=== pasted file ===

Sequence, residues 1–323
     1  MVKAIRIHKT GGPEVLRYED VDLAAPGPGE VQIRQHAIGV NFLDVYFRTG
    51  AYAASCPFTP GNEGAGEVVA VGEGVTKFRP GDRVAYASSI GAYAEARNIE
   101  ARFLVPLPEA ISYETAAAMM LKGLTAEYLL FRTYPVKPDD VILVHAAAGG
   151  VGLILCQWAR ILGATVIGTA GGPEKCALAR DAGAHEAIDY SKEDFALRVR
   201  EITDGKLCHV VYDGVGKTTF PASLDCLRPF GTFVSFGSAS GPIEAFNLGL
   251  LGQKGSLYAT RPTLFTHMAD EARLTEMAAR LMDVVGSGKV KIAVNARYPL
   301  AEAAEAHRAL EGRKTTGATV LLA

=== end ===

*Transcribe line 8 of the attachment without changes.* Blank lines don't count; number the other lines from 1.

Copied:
   301  AEAAEAHRAL EGRKTTGATV LLA